The costs of non-access: why we should talk about the impacts of not investing in libraries

A lot of advocacy for libraries focuses on showing the return that our institutions provide on investment. Through this, we work to demonstrate that however much governments or other funders spend, the value created by the presence and work of libraries is more.

These arguments can be very helpful at times when governments need to take decisions, by building the case for choosing a new, renovated, expanded or enhanced library.

What we tend to do less is explore what are the costs of not acting. In other words, what are government and societies missing out on, if they do not allocate resources to the library? What harms can this cause to the achievement of wider social, economic and cultural goals?

This reflection is likely to help in developing arguments in the coming months and years. We have difficult times ahead – and already with us in many cases. Those who are currently not facing challenges are likely to do so when stimulus packages come to an end, and austerity hits, at least in many countries.

It seems more likely that the choice facing funders will not be where to spend new money, but rather how to allocate reductions in budgets. In this situation, the goal then is how to cause the least pain.

From the point of view of our institutions, it will be necessary to be able to show that cuts to library staff and services should never be an easy option.

Fortunately, a lot of the time, this can simply require ‘flipping’ existing arguments for libraries.

A case for a literacy programme that increases reading confidence and performance can also be presented as an avoidance of cost – without the library’s intervention, participants would be less likely to read, both reducing demand for books, and leaving them less able to cope with information around them.

In this situation, there would be harm both to the individual, who would be deprived of possibilities to discover new opportunities, participate in the cultural life of the community or engage in civic and political life. This community in turn loses out by having members who are less able to become involved and active. And the economy loses out when people are not able to realise their potential, with bookshops and others in particular suffering from a smaller reading population.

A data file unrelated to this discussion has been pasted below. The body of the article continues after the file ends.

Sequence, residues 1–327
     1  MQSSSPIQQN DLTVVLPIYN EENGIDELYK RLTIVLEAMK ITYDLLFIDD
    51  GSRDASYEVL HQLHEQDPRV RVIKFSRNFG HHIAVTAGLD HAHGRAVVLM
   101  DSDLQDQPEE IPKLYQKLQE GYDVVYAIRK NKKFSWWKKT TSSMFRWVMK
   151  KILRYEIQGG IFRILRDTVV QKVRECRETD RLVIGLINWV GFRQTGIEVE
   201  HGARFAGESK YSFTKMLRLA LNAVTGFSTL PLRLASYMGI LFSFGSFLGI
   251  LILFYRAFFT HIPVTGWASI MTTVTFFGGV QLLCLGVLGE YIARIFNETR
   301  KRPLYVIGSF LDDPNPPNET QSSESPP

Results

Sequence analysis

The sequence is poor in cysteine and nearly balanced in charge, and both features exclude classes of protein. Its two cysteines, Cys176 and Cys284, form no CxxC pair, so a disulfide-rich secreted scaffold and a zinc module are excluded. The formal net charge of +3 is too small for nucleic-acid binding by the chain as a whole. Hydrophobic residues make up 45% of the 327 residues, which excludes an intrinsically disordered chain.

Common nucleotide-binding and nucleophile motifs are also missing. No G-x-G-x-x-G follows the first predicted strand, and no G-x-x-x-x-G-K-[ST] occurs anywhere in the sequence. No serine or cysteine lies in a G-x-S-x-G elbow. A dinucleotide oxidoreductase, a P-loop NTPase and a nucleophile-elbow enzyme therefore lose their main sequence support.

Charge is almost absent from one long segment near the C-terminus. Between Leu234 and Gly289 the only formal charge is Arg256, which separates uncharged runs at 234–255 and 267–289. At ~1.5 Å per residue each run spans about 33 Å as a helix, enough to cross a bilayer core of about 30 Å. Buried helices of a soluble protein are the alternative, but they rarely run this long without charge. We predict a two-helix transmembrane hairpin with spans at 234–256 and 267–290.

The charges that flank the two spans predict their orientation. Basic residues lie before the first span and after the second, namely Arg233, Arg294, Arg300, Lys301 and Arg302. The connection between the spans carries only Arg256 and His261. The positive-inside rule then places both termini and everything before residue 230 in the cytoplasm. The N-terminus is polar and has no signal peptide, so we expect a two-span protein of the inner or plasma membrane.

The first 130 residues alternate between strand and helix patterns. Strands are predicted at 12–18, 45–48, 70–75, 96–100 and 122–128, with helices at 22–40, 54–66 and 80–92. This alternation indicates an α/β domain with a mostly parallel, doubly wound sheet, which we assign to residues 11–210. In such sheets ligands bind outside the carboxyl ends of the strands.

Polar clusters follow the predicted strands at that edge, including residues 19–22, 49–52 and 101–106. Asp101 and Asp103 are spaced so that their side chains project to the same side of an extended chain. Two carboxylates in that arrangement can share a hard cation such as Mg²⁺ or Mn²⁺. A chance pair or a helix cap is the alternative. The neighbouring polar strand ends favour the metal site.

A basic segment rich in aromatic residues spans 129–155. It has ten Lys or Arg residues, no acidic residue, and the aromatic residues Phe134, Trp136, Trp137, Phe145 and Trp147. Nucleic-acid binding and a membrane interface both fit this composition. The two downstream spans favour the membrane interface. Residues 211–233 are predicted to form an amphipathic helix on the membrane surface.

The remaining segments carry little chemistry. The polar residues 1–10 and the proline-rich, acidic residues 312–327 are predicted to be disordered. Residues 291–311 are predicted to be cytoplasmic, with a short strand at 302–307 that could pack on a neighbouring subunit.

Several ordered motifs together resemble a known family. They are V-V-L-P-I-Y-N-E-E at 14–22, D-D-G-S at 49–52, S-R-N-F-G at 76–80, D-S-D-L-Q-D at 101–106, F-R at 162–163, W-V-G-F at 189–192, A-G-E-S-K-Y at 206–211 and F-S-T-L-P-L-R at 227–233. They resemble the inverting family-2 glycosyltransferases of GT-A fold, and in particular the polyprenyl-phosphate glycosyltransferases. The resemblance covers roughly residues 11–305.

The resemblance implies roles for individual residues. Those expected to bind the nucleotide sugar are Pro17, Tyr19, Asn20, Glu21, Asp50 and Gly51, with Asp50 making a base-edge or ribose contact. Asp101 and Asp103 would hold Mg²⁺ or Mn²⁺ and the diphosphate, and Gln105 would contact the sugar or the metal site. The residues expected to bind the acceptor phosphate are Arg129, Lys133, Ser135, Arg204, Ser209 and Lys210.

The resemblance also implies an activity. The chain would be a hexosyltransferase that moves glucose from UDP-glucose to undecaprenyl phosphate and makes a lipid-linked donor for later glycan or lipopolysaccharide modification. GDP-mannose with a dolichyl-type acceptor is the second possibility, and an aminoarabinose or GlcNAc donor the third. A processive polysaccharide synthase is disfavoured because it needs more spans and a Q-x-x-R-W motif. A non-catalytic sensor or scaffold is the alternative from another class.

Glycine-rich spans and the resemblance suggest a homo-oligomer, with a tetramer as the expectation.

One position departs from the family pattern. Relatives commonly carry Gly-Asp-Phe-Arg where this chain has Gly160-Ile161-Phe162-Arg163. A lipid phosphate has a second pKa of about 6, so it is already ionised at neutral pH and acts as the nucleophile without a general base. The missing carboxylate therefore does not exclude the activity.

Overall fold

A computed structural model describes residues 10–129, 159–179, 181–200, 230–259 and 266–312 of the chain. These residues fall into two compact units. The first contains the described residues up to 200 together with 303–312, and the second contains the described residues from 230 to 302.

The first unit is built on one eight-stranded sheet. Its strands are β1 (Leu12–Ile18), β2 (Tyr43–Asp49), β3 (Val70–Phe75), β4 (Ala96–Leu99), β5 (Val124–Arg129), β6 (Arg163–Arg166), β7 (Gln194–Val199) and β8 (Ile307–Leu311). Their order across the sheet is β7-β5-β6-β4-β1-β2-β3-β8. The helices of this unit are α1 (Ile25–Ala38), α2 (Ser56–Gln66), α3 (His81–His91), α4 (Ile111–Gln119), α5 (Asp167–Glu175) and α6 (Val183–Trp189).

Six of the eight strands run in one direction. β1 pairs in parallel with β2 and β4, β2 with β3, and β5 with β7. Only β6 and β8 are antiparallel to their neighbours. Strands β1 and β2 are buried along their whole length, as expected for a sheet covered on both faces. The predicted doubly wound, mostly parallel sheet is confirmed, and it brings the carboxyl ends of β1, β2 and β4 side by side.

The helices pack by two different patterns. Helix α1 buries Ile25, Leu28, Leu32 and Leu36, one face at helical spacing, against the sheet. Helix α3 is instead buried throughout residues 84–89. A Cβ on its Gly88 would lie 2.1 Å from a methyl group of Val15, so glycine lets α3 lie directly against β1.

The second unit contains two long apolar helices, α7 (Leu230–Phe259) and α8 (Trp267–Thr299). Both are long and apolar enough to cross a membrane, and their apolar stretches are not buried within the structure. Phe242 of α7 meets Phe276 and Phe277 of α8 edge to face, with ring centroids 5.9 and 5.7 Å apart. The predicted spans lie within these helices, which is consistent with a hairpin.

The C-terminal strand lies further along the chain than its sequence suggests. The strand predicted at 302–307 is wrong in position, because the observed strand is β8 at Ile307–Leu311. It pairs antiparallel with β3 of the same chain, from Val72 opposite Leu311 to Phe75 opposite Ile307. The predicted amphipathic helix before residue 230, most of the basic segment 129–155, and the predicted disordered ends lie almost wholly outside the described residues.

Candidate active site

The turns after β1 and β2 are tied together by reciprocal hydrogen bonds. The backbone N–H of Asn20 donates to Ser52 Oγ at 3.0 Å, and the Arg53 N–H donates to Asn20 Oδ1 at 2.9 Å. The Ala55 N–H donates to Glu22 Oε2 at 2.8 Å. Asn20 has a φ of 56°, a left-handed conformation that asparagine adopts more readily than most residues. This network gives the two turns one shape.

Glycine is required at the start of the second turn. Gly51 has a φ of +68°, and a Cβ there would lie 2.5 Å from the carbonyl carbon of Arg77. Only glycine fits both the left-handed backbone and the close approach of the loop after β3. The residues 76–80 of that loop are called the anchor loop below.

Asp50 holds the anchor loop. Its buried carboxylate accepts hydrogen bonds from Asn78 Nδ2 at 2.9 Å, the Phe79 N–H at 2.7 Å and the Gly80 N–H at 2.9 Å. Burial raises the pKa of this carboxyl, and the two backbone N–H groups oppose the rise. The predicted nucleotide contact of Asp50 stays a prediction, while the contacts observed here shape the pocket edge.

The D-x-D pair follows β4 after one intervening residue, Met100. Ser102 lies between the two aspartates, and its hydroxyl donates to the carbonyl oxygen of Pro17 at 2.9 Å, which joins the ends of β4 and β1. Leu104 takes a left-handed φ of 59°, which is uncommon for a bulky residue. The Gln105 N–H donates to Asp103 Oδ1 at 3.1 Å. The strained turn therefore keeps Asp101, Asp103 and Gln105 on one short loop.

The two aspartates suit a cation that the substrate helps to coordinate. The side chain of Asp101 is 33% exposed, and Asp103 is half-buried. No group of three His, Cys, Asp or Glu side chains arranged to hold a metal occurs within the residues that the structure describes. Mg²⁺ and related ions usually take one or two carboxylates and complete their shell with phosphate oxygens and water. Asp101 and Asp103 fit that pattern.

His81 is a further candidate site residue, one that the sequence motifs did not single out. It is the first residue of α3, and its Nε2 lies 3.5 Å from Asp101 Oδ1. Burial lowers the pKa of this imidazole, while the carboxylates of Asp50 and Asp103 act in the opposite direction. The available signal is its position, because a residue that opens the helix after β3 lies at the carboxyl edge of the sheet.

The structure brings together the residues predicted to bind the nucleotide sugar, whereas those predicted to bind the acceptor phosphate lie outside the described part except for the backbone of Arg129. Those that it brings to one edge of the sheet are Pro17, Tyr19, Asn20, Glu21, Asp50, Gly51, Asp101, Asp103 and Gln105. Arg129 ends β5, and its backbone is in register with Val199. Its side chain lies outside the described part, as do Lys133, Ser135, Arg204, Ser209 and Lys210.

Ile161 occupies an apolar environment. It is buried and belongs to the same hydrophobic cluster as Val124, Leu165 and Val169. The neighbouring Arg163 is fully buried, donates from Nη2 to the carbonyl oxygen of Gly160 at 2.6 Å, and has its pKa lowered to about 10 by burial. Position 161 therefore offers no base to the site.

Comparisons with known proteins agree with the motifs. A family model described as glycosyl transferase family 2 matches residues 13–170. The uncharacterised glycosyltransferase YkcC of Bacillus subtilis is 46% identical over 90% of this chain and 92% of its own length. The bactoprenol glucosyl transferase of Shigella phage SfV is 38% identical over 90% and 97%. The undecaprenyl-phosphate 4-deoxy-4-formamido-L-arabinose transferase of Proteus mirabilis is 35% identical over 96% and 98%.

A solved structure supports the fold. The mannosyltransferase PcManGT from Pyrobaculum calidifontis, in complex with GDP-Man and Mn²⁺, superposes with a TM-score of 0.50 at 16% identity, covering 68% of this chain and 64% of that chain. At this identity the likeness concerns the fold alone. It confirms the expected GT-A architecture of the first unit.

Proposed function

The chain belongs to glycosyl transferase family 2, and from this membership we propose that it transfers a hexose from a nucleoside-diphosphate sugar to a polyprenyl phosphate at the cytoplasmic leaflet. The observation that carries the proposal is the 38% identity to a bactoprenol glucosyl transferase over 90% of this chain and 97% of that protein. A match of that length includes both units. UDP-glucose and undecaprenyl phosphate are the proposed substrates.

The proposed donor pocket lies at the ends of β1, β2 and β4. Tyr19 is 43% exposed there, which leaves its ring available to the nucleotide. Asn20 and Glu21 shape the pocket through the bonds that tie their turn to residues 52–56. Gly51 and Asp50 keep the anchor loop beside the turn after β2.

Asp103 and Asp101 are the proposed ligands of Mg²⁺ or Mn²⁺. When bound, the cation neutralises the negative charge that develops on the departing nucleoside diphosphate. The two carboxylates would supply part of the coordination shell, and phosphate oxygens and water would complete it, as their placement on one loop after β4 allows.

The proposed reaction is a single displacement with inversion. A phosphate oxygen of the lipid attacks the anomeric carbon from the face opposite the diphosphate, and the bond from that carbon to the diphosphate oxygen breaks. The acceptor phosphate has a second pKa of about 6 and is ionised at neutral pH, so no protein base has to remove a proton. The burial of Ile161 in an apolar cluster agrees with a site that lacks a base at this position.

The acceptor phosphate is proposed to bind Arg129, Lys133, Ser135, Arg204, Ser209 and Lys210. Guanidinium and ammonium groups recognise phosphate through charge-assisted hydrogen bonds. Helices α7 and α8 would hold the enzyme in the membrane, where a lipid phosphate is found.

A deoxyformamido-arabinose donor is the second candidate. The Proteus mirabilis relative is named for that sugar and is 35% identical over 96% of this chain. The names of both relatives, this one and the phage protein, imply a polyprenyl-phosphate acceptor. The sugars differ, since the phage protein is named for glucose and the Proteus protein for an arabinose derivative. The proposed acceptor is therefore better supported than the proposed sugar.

Similarly, an argument for having a space to welcome local community groups can also be phrased in terms of the cost of not having such a space. Forcing groups to meet in private or commercial spaces may exclude individuals, or simply make these sorts of meetings impractical.

This would have a negative effect on community cohesion and civic engagement. When not all people feel comfortable joining groups, then opportunities to build social cohesion and inclusion are lost. Local civil society does not reflect the wider population, and so loses impact. And of course, if groups which may not be able to afford private space are unable to meet, the community as a whole risks being poorer.

Provision of internet access and internet-enabled devices offers another example. The costs of non-access to the internet through public centres such as libraries will, for some people, mean significantly reduced possibilities to get online, for others it may mean none at all. There are also impacts in terms of losing a key part of the digital skills infrastructure.

For individuals, the negative effects include a lack of access to eGovernment services, to information about jobs and business opportunities, and to a growing share of culture and information in general. When skills cannot be provided, the risks of under-use (and even mis-use) of the internet grow. eCommerce also suffers from there being fewer customers.

So many other library activities can also be argued for in this way. In doing so, it is important to make sure you are working on the basis of reasonable evidence, for example surveys of what users would miss.

Clearly, such arguments should be used carefully. It is important not to end up looking excessively negative, or ‘crying wolf’ – i.e. claiming things that are unlikely or hard to believe. Furthermore, while concern about harm is a powerful motivator, so too is a friendly face and a positive approach.

Nonetheless, an ability to talk about the harm caused by not investing in libraries is an important part of any advocacy toolkit.

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